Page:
3
$\begingroup$

We say that for a topological space $X$, $\mathcal{O}_X$ is a pre-sheaf if for all open $U\subseteq X$, $\mathcal{O}_X(U)$ is a ring, $\mathcal{O}_X(\varnothing)=0$, and if we have defined $\forall\ U\subseteq V$ the restriction homomorphisms $\rho_{V,U}:\mathcal{O}_X(V)\to\mathcal{O}_X(U)$ s.t. $\rho_{U,U}=\mathrm{id}$, $U\subseteq V\subseteq W\implies \rho_{W,U}=\rho_{V,U}\circ\rho_{W,V}$. For convenience, given $f\in V$, we write $\rho_{V,U}(f)=f|_U$.

$\mathcal{O}_X$ is called a sheaf if whenever $U\subseteq X$ is open, $\{U_i\}_i$ is an open cover for $U$, and $f_i\in\mathcal{O}_X(U_i)\ \forall\ i$ s.t. $f_i|_{U_i\cap U_j}=f_j|_{U_i\cap U_j}\ \forall\ i,j$, then $\exists!\ f\in U$ s.t. $f|_{U_i}=f_i\ \forall\ i$.

This defines the pair $(X,\mathcal{O}_X)$, which we call a ringed space.

If $X\subseteq\mathbb{A}^n_k$ is an affine variety, then $\mathcal{O}_X$ is said to be the structure sheaf when $\mathcal{O}_X(U)$ is the set of $k$-valued regular functions on $U$. It can be shown that this defines a sheaf, with the restriction map.

More generally, given any irreducible topological space $X$, and any sheaf $\mathcal{O}_X$ of $k$-valued functions s.t. $X$ is homeomorphic to some (irreducible) affine variety in $\mathbb{A}^n_k$, we say that the ringed space $(X,\mathcal{O}_X)$ is an affine variety.

My question is, why do we do this? It seems to me that we could simply define $\mathcal{O}_X(U)=0\ \forall\ U$, i.e. $f\in\mathcal{O}_X(U)\implies f(u)=0\ \forall\ u\in U$, defined on any affine variety $X\subseteq\mathbb{A}^n_k$. We could also define $\mathcal{O}_X(U)=k^U\ \forall\ U$, which would be similarly meaningless. Does $\mathcal{O}_X$ have any meaning as a structure sheaf in this generalized context?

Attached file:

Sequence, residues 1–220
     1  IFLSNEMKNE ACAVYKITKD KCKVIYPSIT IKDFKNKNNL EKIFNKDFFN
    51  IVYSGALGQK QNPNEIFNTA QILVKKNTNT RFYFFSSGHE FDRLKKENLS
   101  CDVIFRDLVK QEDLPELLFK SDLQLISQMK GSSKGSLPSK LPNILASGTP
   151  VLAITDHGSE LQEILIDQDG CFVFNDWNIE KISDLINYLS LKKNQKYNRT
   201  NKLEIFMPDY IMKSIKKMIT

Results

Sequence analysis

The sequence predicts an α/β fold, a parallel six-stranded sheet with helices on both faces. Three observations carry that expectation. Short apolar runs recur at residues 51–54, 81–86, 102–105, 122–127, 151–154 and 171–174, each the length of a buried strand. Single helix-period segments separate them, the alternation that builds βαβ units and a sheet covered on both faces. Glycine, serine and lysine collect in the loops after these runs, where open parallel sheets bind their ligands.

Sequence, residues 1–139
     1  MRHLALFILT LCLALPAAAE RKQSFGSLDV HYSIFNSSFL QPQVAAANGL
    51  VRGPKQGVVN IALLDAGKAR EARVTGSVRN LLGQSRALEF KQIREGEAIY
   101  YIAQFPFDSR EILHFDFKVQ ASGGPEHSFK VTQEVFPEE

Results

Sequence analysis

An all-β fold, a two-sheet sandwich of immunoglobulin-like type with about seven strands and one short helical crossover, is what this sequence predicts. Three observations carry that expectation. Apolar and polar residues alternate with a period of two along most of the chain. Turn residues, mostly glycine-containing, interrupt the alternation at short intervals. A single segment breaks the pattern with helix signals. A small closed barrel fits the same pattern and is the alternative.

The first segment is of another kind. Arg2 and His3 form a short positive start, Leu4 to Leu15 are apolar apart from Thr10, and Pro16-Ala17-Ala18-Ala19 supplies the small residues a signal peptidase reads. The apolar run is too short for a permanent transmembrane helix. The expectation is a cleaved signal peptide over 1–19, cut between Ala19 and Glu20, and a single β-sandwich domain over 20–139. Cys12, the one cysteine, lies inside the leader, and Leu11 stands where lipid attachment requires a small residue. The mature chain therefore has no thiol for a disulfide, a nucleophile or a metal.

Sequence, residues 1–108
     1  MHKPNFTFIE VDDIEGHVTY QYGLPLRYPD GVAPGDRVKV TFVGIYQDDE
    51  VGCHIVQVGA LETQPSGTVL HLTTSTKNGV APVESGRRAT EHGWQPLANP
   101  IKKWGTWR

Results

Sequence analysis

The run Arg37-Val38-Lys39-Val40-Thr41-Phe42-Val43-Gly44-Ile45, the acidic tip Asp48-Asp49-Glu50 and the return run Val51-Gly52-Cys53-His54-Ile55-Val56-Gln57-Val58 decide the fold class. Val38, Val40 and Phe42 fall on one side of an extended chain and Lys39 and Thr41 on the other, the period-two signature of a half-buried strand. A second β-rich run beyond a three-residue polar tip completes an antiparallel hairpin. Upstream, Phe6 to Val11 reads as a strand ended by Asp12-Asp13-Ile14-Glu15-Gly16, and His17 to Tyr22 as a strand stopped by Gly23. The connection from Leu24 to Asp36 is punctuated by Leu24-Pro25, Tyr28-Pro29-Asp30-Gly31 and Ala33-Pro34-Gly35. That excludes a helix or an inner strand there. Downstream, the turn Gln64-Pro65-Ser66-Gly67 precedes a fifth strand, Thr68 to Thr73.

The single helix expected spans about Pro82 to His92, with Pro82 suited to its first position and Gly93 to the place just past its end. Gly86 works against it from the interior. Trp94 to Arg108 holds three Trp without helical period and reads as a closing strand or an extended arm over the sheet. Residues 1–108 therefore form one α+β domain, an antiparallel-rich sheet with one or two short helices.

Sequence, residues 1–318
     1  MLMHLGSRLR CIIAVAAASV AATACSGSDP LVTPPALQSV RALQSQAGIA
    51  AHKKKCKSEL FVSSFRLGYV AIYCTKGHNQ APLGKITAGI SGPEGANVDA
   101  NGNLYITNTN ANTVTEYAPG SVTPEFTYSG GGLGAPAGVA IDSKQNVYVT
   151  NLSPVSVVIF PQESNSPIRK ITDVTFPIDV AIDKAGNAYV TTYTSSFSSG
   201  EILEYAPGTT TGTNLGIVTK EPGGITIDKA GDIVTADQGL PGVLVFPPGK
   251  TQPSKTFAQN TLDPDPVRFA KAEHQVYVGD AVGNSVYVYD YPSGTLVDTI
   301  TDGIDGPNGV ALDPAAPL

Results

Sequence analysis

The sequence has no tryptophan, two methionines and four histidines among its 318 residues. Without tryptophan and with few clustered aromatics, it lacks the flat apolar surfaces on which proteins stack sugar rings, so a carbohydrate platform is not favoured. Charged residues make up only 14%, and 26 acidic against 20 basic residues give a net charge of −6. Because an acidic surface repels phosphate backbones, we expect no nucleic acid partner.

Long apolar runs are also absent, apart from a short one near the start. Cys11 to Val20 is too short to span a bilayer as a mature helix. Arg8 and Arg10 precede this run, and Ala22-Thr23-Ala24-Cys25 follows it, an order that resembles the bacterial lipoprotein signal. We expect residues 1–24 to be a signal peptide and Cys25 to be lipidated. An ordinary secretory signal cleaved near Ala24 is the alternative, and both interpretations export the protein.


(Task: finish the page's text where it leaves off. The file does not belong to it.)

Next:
$\endgroup$
4
  • $\begingroup$ Where did you see this definition? I've never seen the term "affine variety" used in this generality. $\endgroup$ Commented Jul 1, 2016 at 21:25
  • $\begingroup$ This seems like an awful definition. Surely more is required. $\endgroup$
    – Hoot
    Commented Jul 1, 2016 at 21:28
  • $\begingroup$ It's in the book by Gathmann. What is the usual definition for an affine variety (in the more general context)? $\endgroup$ Commented Jul 1, 2016 at 21:33
  • $\begingroup$ If you're referring to mathematik.uni-kl.de/~gathmann/class/alggeom-2002/main.pdf, that's not the definition I see there: Definition 2.3.15 on page 26 says $X$ should be isomorphic to a subset of $\mathbb{A}^n$, not just homeomorphic. $\endgroup$ Commented Jul 1, 2016 at 21:51

1 Answer 1

1
$\begingroup$

This is not the standard definition of "affine variety". The standard definition would require not just that $X$ is homeomorphic to an affine variety in $\mathbb{A}^n_k$ but that it is isomorphic to an affine variety $Y$ in $\mathbb{A}^n_k$ as a ringed space. That is, there is a homeomorphism $f:X\to Y$ such that the induced map of sheaves of rings $f^*\mathcal{O}_Y\to\mathcal{O}_X$ is an isomorphism.

Indeed, your definition allows many exotic things that no one normally considers to be "affine varieties". Besides the examples you named, note also that any irreducible projective curve is homeomorphic to $\mathbb{A}^1$, and so every such curve would be considered "affine" by this definition.

$\endgroup$
1
  • $\begingroup$ I think my question must have been on the meaning of the word "isomorphic". Thanks for clearing that up. $\endgroup$ Commented Jul 2, 2016 at 0:28

You must log in to answer this question.

Not the answer you're looking for? Browse other questions tagged .